Here is the article from the newspaper.
CENTRAL KITSAP — Paymela Faye Long loved the holidays because it meant spending time with her family.
For that reason, this time of year can be difficult for her son, daughter and grandchildren, who called their grandma Ninny.
“When we’re together we can feel her with us, but there is always something missing,” said Myle Dahlke, Long’s daughter.
Halloween marked the sixth anniversary of Long’s unsolved homicide. She died in her Illahee-area mobile home, which was intentionally set on fire following her death. She was 58.
As Long’s family has moved forward, some hold out hope that her killer will be brought to justice. But they wonder what justice would even look like. Others focus on their memories of Long, her spontaneity and her love of life. They refuse to give her killer a second thought.
But they feel her absence, often in the joy of the holidays or the pride in their accomplishments.
For Pheobe Garcia, 17, Myle’s daughter, it’s the memories of her Ninny that she focuses on.
“Those memories do fade, I’m trying to keep them strong,” she said.
The memories include Long tramping in the brush collecting mushrooms or picking blackberries, or leading the children on camping trips and cheering on the sidelines of their football games. She was a larger-than-life presence whose legacy to her family is their open hearts. She was an accomplished country singer and played venues throughout Washington. Sometimes her kids would be awoken in the middle of the night, with their mom cooking a meal for the band. If she caught them sticking their heads out of their bedroom doors to see what was going on, she was liable to put them to work.
“There was never a dull moment,” said Tory Ryen, Long’s son, who is pained to think that his mom isn’t around to watch his son, Payton, grow up.
“She would be so proud,” Tory said.
Payton, 18, thinks of his Ninny when he runs onto the football field or gets a report card.
“I don’t have the person I want to be proud of me,” Payton said.
The case is open and ongoing, and Sheriff’s Detective Lissa Gundrum, the investigator on the case, still has the Crime Stoppers poster for the case on her office wall.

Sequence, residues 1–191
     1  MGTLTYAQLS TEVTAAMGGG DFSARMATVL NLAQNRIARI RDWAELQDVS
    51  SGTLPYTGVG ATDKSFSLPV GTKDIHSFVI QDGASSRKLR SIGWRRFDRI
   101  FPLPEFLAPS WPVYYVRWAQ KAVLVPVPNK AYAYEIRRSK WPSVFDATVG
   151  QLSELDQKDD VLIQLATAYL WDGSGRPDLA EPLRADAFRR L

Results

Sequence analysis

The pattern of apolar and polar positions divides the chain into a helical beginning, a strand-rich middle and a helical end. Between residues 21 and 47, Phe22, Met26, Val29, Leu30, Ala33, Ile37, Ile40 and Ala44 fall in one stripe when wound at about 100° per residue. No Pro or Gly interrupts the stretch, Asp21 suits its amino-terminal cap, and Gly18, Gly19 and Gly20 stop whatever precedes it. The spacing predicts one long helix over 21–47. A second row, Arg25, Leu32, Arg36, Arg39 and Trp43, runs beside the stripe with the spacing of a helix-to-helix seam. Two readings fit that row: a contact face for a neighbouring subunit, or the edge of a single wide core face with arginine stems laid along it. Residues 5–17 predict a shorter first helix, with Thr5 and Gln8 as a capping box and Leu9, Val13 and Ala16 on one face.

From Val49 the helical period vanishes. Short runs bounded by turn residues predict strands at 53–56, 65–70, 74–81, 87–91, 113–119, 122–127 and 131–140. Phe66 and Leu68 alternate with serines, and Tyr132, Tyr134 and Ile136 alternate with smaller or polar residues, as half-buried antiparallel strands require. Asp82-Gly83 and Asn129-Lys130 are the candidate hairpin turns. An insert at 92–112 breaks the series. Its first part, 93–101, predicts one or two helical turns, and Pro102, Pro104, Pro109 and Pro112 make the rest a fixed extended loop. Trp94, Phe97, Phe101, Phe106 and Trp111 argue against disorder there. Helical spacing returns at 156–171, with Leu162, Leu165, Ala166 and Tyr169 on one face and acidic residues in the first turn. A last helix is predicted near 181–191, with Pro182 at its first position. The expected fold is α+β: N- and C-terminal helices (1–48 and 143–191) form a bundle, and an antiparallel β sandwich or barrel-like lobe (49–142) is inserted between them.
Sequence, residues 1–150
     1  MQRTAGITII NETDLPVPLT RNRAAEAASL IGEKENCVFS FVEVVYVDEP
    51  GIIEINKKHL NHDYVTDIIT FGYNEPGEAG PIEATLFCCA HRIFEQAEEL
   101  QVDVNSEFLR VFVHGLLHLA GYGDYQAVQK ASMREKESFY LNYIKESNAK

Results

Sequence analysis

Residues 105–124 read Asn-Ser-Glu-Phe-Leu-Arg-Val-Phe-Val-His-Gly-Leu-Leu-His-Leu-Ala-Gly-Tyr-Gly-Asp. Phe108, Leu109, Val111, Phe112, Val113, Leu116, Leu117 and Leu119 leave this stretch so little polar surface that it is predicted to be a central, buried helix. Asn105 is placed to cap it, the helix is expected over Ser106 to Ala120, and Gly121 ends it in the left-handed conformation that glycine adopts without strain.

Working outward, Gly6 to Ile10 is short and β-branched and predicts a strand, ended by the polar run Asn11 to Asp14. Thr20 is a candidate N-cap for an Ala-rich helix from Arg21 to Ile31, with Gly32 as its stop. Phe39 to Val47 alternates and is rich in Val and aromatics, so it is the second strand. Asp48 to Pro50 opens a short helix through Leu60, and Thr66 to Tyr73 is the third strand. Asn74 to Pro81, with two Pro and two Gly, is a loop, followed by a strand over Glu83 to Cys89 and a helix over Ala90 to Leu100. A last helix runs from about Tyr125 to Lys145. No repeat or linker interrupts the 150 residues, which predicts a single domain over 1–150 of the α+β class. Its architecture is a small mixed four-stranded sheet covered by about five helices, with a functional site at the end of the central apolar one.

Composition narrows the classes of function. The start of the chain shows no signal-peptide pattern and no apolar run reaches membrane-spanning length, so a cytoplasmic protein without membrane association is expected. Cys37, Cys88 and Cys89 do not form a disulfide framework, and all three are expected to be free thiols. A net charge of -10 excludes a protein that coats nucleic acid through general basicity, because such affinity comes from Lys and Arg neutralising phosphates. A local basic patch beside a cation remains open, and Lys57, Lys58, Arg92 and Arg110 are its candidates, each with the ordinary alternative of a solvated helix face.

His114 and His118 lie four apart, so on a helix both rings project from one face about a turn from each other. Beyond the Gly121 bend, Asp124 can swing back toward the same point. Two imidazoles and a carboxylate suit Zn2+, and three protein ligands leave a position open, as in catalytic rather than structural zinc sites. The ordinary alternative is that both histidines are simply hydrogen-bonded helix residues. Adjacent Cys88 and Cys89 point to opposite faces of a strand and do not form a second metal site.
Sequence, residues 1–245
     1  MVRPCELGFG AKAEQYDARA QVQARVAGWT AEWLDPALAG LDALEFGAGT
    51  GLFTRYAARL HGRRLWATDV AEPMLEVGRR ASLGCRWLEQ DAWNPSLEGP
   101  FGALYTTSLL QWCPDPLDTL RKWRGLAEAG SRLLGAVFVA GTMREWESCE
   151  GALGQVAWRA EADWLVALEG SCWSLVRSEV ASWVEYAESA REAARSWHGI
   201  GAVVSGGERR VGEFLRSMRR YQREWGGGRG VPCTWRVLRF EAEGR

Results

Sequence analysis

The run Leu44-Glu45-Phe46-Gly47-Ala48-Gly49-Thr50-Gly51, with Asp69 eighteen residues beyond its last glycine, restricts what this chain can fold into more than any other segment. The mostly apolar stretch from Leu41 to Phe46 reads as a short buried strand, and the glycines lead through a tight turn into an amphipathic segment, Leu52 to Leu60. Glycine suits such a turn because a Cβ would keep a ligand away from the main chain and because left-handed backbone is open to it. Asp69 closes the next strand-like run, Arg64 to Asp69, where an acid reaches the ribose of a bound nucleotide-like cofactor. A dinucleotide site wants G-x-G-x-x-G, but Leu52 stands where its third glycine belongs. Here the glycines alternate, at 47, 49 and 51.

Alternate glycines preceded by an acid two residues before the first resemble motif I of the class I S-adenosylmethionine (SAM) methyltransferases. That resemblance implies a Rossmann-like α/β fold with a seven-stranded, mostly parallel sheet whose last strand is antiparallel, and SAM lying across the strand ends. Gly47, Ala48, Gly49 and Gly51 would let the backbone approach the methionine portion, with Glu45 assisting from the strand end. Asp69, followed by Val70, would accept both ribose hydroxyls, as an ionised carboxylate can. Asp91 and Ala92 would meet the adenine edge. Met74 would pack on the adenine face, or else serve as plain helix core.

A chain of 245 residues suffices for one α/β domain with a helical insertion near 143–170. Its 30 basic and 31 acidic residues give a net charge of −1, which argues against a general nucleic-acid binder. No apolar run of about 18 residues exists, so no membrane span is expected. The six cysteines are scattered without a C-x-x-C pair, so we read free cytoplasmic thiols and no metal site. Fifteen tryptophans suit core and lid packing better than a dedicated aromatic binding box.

“It stays up until it’s solved,” Gundrum said.
What partly sets the case apart, Gundrum said, was the lack of physical evidence.
“There’s always stuff,” Gundrum said of other homicide scenes, even arsons. “This just destroyed everything.”
An autopsy showed Long had been killed before the fire, but the autopsy results took a few days. In the meantime, Long’s family had sifted through the wreckage, hoping to salvage mementos. Myle said this caused the family some guilt, as they were left to wonder if they had disturbed evidence. Gundrum said it was unfortunate that the scene had been released, but investigators at first did not believe they had a homicide.
At this point, Gundrum said, the case will be solved through interviews. As time goes on, people tend to become more willing to share information.
“That gives us an avenue to walk down and hopefully open more doors,” Gundrum said.
Payton thinks about his Ninny all the time, but he doesn’t give much thought to her killer.
“Whoever did it is not worth my time,” he said.
Maddy Garcia, 20, also Myle’s daughter, remembers her Ninny’s strong faith and the nightly prayer she taught her.
“Make all the bad people good and all the good people happy,” Maddy said, reciting the closing line.
“My whole world changed, I changed,” Tory said. From sleep patterns, to his ability to trust. When he lost his mom he also lost his best friend. She taught him to cook, leading the way to his career as a chef. Whenever he gets a compliment, he wants to give it to Long.
“She is the one who gave me that,” he said.
Myle struggles with the fact that there is a killer on the loose and that families like hers are left to wait. But she is also unsure what — if any — peace an arrest and conviction would bring.
“Maybe we will never know, maybe we weren’t meant to know,” Myle said. If a suspect was arrested and brought to trial, the family could have to sit in court while Long’s name is dragged through the mud, Myle said. She doesn’t want people to forget her mom, or to forget that somebody got away with murder.
It still puzzles her, though, that anybody could want to hurt Long, a forgiving, loving woman who made friends wherever she went.
“Who? Why? If you knew her, for somebody to do that to her, it’s unimaginable,” Myle said.
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